CAMBRIDGE, Mass. (Sept. 20, 2007) A Jekyll-Hyde mechanism that both protects healthy cells and enables cancer cells could be the basis for new cancer-fighting drugs.
Scientists in the laboratory of Whitehead Member Susan Lindquist have discovered that a certain transcription factora protein that binds to specific areas of the genome and acts to switch genes on and offknown to aid in handling stresses also facilitates the survival of cancer cells.
According to the study, which appears online in Cell on Sept. 20, this transcription factor may be the basis for powerful new ways to fight cancer.
The transcription factor is the master regulator of cells protective heat-shock responsea complex and multifaceted defense system that kicks in when an organism is exposed to increased temperature, infection, toxins or other stresses. The heat-shock response is thought to have existed for more than a billion years and is found in organisms from bacteria to fruit flies to humans.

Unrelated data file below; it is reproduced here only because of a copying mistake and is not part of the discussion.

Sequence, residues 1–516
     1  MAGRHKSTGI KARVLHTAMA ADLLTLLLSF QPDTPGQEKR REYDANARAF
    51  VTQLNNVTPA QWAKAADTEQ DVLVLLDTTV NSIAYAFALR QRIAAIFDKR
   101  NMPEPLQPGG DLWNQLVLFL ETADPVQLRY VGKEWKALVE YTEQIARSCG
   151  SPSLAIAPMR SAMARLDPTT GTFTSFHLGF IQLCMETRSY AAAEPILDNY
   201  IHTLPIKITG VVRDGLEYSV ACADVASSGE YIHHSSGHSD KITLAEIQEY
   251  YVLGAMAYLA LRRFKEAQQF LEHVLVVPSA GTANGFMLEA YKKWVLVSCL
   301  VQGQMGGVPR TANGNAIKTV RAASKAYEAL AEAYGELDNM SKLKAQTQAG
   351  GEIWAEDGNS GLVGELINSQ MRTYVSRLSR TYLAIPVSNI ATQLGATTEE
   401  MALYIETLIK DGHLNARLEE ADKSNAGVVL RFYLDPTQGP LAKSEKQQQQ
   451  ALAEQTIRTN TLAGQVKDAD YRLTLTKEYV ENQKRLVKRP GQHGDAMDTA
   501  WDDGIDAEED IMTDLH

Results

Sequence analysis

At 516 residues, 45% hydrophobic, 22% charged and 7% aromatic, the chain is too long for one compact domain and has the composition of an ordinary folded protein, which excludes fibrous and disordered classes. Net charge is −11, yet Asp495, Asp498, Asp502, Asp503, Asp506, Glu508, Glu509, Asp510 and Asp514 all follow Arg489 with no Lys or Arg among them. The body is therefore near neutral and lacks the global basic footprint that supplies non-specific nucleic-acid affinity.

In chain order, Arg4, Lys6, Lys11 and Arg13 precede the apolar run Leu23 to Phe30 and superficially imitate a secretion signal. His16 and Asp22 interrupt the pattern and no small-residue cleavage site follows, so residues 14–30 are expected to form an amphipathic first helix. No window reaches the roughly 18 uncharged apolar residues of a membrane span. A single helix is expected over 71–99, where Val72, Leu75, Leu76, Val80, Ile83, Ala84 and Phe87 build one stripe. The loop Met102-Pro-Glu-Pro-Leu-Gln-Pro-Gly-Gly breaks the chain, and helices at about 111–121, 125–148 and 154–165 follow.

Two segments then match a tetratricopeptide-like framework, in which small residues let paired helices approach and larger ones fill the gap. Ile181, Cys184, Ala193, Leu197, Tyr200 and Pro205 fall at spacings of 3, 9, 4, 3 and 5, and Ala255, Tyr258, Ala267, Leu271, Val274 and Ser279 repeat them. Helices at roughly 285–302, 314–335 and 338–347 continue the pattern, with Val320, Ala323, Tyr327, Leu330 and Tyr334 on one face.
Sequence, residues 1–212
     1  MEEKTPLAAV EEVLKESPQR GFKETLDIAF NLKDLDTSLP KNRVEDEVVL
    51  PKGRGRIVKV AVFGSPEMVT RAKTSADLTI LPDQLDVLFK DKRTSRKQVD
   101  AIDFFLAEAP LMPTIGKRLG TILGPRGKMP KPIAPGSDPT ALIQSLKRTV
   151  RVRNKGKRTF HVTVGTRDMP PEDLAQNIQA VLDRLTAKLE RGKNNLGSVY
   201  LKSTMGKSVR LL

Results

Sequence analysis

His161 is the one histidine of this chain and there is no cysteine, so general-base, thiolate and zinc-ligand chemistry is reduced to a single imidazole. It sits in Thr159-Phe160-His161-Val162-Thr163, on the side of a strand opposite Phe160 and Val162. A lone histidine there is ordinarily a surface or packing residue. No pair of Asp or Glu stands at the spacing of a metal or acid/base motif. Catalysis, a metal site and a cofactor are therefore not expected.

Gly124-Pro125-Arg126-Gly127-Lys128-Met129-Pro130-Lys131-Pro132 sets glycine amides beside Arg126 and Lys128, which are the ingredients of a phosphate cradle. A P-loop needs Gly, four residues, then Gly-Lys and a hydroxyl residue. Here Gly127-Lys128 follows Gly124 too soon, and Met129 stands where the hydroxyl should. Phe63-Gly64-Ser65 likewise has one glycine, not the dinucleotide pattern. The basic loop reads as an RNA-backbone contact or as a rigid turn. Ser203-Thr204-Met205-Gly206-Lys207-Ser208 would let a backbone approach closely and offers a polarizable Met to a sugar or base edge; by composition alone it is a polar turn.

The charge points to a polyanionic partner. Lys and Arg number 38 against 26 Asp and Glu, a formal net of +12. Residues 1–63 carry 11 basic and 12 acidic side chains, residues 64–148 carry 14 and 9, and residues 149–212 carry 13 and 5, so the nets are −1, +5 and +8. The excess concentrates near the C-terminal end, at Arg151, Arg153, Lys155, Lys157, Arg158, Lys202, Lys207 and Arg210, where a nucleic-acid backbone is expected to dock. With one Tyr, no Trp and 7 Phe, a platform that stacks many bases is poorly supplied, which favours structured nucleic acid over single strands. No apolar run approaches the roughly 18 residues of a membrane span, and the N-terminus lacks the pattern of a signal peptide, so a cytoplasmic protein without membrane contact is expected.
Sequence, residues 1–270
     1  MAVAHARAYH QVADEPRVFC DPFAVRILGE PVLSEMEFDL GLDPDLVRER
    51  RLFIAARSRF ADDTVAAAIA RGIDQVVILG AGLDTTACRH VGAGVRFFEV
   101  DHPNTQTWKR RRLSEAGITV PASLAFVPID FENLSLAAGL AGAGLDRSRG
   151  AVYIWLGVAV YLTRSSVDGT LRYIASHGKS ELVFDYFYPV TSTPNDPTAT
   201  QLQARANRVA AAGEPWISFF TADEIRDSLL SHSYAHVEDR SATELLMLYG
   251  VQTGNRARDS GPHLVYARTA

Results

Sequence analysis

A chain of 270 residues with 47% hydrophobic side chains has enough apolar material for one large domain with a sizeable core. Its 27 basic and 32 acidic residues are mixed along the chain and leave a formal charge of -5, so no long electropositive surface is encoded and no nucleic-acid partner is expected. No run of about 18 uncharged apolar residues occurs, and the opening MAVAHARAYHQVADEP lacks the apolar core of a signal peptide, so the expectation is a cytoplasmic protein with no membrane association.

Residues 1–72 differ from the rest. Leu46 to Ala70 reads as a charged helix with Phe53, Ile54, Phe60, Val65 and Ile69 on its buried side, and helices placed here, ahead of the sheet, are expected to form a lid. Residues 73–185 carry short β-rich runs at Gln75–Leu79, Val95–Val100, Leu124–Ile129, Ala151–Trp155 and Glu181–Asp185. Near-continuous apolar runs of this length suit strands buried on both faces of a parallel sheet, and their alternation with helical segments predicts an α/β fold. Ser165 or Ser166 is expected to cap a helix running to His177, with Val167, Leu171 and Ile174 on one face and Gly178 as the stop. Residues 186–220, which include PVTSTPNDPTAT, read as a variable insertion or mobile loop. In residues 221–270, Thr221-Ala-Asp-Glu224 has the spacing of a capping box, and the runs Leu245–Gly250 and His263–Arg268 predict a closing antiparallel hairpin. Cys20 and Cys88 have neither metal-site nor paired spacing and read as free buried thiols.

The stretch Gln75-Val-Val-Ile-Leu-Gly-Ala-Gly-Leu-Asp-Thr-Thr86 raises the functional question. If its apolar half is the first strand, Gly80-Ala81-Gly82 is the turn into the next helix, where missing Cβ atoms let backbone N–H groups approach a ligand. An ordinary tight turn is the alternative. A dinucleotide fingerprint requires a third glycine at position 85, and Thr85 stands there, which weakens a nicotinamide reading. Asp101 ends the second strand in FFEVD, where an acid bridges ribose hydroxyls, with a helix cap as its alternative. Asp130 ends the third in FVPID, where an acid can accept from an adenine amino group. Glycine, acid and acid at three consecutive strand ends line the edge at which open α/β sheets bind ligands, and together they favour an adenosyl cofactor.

Heat-shock transcription factors turn on genes for helpful chaperone proteins that help keep proteins from going bad. If proteins form unhealthy clumps, heat-shock proteins (HSPs) pull them apart. If proteins misfold, HSPs help them refold. If the errant proteins are too far gone, HSPs ship them off to be destroyed.
Postdoctoral associate Chengkai Dai and his colleagues looked at the role of heat-shock factor 1 (HSF1), the master regulator of the heat-shock response, in enabling normal cells to turn into cancer cells.
This work provides the first direct evidence of an important role for HSF1 in helping cells to undergo a malignant transformation, says co-author Luke Whitesell, a research scientist in the Lindquist lab.
While the transcription factor does not itself cause the transformation of a normal cell into a cancer cell, it orchestrates a network of core functions in the cancer cells that govern their proliferation, survival,
|Contact: Eric Bender|
Whitehead Institute for Biomedical Research